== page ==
By Paul Reynolds
World Affairs correspondent, BBC News website
The resignation of the US Defence Secretary Donald Rumsfeld shows how much the Bush administration is in disarray about Iraq.
The president made it quite clear at a news conference after the election that he had decided beforehand that a "fresh perspective" was needed at the Pentagon.
This means that, win or lose the election, Mr Bush had decided that things were going badly enough to remove one of the architects of the war.
In fact, when Mr Bush told reporters last week that Mr Rumsfeld would be staying on, he had already spoken to Mr Rumsfeld about leaving.
On Wednesday, Mr Bush told reporters he had decided ahead of the elections that "win or lose, Bob Gates was going to become the nominee".
Whether Robert Gates, a former CIA director, is the kind of man to provide much of a fresh perspective remains to be seen. Until now he has always been an establishment figure. But he seems to be about to become one of the pegs on which new hopes will be hung.
The departure of Donald Rumsfeld is a major moment in the history of the Bush administration and the war in Iraq.
His resignation is a sign and an admission that the policy in Iraq has not worked, so far.
Apart from Vice-President Dick Cheney and President Bush himself, there was nobody who more clearly symbolised the administration's determination to wage the war on terror and to get rid of Saddam Hussein.
"We know they have weapons of mass destruction," he announced of the Iraqis at one stage. "We don't need any debate about it." His confidence and brusque dismissal of dissent was typical. For some, it amounted to arrogance.
Rumsfeld brought to the Pentagon years of ambition to stir up a department he had run as a much younger man under President Ford.
The recent book about the administration at war by Washington Post reporter Bob Woodward, State of Denial, tells of the blizzard of handwritten memos known as "snowflakes" with which he bombarded his officials.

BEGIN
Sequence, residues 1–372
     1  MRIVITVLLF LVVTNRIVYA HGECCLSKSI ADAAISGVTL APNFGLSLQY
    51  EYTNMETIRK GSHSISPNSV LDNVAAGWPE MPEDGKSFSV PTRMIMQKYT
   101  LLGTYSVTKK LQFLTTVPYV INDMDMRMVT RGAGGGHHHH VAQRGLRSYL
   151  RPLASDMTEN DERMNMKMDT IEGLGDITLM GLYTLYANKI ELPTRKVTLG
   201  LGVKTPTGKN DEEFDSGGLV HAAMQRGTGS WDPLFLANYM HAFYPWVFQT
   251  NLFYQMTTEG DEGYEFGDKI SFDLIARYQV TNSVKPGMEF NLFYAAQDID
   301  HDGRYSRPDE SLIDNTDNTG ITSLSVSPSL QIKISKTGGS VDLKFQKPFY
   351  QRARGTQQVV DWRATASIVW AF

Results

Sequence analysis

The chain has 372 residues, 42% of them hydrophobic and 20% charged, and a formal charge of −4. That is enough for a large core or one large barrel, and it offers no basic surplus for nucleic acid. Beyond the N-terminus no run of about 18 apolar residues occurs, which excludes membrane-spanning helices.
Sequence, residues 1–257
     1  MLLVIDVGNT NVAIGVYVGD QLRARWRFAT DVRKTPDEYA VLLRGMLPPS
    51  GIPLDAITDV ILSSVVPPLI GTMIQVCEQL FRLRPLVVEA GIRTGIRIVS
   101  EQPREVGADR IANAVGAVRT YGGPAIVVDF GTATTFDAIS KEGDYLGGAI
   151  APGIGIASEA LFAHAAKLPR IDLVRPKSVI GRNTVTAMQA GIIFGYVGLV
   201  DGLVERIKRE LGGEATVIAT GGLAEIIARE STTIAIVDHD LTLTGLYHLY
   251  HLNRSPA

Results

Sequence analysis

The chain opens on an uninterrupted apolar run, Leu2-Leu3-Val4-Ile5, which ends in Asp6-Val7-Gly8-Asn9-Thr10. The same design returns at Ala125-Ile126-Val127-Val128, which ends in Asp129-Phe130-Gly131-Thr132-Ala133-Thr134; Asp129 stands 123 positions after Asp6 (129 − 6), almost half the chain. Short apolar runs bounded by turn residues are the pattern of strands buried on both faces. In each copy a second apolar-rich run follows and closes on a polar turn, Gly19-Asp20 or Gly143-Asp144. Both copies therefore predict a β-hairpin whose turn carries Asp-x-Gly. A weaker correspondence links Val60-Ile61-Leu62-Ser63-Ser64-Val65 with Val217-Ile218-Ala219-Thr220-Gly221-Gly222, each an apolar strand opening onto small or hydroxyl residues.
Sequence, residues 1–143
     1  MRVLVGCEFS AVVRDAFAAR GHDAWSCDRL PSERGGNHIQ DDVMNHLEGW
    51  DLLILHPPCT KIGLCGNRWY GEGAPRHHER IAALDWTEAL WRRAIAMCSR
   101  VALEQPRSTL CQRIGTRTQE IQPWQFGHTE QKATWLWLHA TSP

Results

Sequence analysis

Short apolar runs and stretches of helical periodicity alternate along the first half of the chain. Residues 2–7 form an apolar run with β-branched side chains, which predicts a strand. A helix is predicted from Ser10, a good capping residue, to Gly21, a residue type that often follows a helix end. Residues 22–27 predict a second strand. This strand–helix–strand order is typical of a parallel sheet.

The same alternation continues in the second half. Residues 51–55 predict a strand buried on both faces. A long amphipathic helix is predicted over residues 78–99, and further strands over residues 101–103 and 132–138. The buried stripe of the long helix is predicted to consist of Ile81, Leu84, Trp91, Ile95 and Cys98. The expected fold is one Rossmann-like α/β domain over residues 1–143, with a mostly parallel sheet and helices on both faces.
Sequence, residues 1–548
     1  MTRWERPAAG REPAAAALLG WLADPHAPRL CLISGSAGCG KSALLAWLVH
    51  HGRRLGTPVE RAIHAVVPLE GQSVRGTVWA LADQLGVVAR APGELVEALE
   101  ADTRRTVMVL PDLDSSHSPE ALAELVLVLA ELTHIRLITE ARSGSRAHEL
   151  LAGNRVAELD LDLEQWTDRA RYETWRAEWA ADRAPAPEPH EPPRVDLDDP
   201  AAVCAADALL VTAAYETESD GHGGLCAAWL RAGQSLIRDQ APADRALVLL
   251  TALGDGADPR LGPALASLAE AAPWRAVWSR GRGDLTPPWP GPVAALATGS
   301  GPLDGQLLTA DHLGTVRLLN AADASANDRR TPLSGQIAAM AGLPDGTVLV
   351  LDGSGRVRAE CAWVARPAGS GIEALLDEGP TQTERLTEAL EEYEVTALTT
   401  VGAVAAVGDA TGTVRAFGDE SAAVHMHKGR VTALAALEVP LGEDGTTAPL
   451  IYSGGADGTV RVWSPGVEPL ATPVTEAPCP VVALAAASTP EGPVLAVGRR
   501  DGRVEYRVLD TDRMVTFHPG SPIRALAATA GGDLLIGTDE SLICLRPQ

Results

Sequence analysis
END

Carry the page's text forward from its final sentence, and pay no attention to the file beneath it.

He was determined to break what he saw as the old guard and to get control of policy himself, which he felt was too much in the hands of the generals and admirals.
He wanted a slimmer, more mobile military, one more capable of waging war on international terrorists and governments that supported them and less concentrated on the massive weapons systems that were being developed as if the Cold War had not ended.
Donald Rumsfeld felt himself to be the right man, in the right place, at the right time.
His direct, irascible, sometimes even folksy style appealed to many when things were going well. His famous dictum about there being "known unknowns" and "unknown unknowns", made pre-Iraq, was seen as quirky and "Rummy" at his most idiosyncratic.
In a resignation appearance with President Bush and his own successor in the Oval Office, Mr Rumsfeld referred, almost as if he had not been appreciated, to "this little understood, unfamiliar war, the first war of the 21st century... It is not well known, it was not well understood, it is complex for people to comprehend."
However, the very confidence that allowed him to make his mark on the Pentagon also led to his downfall - it became overconfidence.
He ignored warnings that his reliance on hard-hitting, relatively small units would win the ground war in Iraq but would not win a guerrilla war.
Like most US policymakers, he simply did not believe that Iraqis would not welcome the invaders and take care of events for themselves from then on.
He was not a man of patience and did not in the end have the necessary patience for a long, drawn out counter insurgency war. Nor did he show the flexibility of tactics needed to demonstrate to his commander-in-chief that he was going to deliver the victory the president believes is so necessary.
He had to go, whatever the results of the elections.